For a taste of local cuisine and a vibrant market experience, visit Atarazanas Market. It's a bustling market where you can find fresh produce, seafood, and regional specialties.


  1. Puente Nuevo:

Ronda is famous for its dramatic gorge, El Tajo, and the Puente Nuevo, a bridge spanning the gorge. The views from the bridge are breathtaking, offering a glimpse of the stunning landscape.


  1. Plaza de Toros de Ronda:

Ronda is credited as the birthplace of modern bullfighting. Visit the Plaza de Toros de Ronda, one of the oldest bullrings in Spain, to learn about the history of this traditional Spanish spectacle.


  1. Old Town and Arab Baths:

Explore Ronda's Old Town, characterized by narrow streets, whitewashed buildings, and historic architecture. Visit the Arab Baths, remnants of the Moorish period.


  1. Palacio de Mondragón:

The Mondragón Palace is a beautiful example of Mudéjar architecture. It houses the Ronda Museum and offers insights into the history of the region.


  1. Jardines de Cuenca:

These gardens provide a peaceful escape with beautiful views of the surrounding countryside. Take a leisurely stroll and enjoy the tranquillity.


Both Malaga and Ronda offer a blend of history, culture, and natural beauty, making them wonderful destinations for exploration and relaxation. Whether you're interested in art, architecture, or the scenic countryside, these cities have something to offer every traveler.

Baeza and Úbeda are two historic towns in the province of Jaén, Andalusia, Spain. Both are UNESCO World Heritage Sites, known for their exceptionally well-preserved Renaissance architecture. Here's a closer look at each town:



Plaza del Pópulo:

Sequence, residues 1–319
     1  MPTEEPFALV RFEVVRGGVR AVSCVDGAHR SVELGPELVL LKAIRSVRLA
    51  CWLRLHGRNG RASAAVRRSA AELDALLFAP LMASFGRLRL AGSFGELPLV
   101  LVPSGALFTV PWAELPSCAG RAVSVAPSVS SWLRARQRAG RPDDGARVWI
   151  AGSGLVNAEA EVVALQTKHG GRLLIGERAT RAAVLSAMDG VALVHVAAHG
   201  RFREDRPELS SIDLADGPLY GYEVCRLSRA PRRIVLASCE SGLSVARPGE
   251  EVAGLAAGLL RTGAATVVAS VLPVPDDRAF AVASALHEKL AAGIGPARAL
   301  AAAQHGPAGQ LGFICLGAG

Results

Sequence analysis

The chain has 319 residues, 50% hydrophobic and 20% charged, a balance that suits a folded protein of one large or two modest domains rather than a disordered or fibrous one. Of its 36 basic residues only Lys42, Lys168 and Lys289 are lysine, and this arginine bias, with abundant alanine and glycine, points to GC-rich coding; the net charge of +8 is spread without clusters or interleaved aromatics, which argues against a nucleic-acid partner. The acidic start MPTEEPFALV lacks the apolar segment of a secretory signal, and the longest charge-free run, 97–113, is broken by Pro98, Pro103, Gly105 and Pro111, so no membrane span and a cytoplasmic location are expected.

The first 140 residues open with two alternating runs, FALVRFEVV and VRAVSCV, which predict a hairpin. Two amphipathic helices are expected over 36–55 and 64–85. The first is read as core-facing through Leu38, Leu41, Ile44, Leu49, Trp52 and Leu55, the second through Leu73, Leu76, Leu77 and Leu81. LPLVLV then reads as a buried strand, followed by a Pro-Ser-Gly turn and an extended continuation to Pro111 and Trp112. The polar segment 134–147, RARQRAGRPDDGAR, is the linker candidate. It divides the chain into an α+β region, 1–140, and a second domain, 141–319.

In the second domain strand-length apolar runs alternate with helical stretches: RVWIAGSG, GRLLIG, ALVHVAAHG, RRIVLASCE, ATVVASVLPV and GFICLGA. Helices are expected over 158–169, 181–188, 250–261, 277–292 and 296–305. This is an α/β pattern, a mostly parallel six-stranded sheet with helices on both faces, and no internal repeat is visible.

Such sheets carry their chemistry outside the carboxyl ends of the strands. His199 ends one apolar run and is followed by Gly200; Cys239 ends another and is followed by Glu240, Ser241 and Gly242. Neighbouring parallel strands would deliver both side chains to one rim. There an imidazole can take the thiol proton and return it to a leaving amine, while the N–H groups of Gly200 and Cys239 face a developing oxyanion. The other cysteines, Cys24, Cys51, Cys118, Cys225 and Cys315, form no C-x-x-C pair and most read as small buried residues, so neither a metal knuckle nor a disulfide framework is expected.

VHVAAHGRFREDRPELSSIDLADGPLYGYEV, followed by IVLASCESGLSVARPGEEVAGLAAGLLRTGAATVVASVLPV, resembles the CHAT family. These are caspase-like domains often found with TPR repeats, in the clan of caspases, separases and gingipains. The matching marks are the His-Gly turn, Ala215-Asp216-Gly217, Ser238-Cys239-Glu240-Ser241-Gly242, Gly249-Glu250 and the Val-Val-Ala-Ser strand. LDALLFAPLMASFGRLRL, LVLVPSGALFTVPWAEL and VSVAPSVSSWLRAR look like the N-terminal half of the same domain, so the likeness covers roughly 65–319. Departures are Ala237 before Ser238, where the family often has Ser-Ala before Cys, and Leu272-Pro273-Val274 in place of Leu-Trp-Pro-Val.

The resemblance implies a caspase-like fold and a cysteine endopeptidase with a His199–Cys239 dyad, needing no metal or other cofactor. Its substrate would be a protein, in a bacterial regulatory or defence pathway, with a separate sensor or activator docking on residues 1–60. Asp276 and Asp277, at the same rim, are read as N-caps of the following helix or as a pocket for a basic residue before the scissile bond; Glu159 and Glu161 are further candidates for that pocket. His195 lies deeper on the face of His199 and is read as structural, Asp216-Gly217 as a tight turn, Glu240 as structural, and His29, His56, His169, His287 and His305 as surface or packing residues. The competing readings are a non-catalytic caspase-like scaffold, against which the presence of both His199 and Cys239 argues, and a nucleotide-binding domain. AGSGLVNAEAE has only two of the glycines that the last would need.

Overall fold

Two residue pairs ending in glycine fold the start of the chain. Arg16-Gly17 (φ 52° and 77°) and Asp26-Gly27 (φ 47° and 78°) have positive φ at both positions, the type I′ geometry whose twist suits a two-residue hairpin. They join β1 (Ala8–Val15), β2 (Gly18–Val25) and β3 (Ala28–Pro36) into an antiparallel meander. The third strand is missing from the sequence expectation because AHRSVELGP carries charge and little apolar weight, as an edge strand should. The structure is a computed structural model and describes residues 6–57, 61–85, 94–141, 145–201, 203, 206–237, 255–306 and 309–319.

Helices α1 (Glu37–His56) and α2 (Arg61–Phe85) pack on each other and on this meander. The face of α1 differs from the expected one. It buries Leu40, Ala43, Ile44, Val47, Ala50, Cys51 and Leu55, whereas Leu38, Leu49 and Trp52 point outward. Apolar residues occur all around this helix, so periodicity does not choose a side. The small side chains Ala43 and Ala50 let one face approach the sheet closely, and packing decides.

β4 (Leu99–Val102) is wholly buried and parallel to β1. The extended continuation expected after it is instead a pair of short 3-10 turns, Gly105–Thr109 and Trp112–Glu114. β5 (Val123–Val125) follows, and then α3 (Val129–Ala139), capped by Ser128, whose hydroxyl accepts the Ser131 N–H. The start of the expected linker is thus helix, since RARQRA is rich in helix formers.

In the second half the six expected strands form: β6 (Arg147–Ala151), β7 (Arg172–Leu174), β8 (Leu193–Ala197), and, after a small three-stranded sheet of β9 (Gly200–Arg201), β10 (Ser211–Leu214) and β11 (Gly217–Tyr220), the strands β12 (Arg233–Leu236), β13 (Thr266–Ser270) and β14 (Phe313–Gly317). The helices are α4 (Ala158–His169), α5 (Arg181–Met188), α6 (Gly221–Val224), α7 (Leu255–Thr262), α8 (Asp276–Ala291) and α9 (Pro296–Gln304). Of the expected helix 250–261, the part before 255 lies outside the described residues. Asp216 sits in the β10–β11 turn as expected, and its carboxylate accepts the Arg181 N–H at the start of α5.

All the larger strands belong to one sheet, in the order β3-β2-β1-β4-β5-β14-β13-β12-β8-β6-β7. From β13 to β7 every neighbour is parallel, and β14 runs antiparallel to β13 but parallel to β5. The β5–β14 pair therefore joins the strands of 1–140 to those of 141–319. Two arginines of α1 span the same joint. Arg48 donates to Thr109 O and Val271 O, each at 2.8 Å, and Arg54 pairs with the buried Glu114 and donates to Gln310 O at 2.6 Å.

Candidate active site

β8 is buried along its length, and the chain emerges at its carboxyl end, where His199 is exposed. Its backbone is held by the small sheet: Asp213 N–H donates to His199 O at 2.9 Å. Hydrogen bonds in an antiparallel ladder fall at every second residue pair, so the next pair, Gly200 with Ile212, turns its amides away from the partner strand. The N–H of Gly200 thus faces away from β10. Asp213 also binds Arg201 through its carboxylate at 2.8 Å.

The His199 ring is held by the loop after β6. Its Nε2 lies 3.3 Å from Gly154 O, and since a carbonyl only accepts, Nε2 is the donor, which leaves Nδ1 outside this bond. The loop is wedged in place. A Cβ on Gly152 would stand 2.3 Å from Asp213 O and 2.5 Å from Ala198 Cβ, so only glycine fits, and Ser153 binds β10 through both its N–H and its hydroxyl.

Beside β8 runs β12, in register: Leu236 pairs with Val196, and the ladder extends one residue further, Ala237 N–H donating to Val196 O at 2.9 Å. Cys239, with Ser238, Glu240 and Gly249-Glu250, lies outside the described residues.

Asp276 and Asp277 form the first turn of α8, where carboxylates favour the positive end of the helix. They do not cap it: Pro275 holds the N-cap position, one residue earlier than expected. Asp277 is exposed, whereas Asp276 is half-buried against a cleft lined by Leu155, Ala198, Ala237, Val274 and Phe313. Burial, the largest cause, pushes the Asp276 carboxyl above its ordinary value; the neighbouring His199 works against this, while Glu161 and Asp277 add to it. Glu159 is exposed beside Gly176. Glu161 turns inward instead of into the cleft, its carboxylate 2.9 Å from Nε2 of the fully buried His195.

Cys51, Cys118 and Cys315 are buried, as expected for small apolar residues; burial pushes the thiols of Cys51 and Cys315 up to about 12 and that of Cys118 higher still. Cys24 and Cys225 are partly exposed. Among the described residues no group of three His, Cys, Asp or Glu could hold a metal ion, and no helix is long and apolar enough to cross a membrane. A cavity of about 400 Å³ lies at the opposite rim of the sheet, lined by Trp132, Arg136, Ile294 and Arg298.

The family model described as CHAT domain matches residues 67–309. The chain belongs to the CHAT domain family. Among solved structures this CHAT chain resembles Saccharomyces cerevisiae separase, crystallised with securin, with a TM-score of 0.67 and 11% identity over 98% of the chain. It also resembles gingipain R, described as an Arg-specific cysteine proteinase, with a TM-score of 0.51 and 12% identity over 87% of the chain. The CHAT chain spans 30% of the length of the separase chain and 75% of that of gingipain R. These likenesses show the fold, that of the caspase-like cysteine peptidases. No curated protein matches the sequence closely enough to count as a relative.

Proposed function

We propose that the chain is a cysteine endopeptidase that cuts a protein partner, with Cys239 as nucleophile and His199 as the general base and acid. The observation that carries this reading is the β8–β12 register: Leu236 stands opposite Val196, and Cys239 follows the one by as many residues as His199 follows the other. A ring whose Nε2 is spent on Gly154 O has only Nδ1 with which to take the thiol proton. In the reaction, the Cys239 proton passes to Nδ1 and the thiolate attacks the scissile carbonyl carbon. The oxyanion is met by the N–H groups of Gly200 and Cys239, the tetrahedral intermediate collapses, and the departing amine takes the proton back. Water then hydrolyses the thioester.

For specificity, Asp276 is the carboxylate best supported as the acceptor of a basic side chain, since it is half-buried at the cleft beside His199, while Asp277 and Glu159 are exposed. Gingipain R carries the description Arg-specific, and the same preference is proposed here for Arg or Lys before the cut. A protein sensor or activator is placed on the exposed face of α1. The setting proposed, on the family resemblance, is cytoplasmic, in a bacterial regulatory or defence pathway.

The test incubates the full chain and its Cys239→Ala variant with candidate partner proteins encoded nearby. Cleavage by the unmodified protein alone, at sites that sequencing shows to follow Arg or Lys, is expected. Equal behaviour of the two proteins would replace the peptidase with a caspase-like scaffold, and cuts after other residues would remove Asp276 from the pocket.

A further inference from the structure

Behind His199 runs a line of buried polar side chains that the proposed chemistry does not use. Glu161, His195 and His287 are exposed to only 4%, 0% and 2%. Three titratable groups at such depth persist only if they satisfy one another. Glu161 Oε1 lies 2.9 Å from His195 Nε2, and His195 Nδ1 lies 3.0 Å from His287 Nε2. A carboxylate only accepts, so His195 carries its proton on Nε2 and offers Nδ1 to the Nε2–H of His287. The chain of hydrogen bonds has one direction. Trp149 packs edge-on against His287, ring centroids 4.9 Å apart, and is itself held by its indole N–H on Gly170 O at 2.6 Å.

The heart of Baeza, this square is surrounded by Renaissance buildings and is a great starting point for exploring the town.

Fountain of Santa Maria:


An exquisite Renaissance fountain located in Plaza del Pópulo, known for its intricate design.

Baeza Cathedral:


A stunning Gothic-Renaissance cathedral with a mix of styles due to its construction spanning several centuries.

Fuente de Santa Maria:


An iconic fountain in Baeza, adorned with statues and decorative elements, providing a glimpse of Renaissance craftsmanship.

Jabalquinto Palace:


A grand Renaissance palace with beautiful courtyards and a mix of Gothic and Mudéjar influences.

Saint Philip's Church:


A notable church with a beautiful façade and interior, showcasing Baeza's religious architecture.


Plaza Vázquez de Molina:


A stunning square surrounded by Renaissance buildings, including the Vázquez de Molina Palace and the Sacred Chapel of El Salvador.

Vázquez de Molina Palace:


A masterpiece of Renaissance architecture, now the Town Hall. Its courtyard is particularly impressive.

Sacred Chapel of El Salvador:


A remarkable example of Spanish Renaissance architecture, known for its intricate façade and beautiful interiors.

Santa Maria Church:


A Gothic-Renaissance church with an impressive façade and a mix of architectural styles.

Synagogue Water Cistern:


A unique underground space, part of the old Jewish quarter, showcasing the historical diversity of Úbeda.

Capilla del Salvador:


A chapel with beautiful frescoes and a serene atmosphere, providing a glimpse into Úbeda's religious heritage.

Casa Mudéjar:


An example of Mudéjar architecture in Úbeda, showcasing the cultural influences that shaped the town.

Both Baeza and Úbeda offer a remarkable journey back in time, allowing visitors to experience the splendor of the Renaissance period. The well-preserved architecture, charming squares, and rich cultural heritage make these towns a must-visit for history and architecture enthusiasts in Andalusia.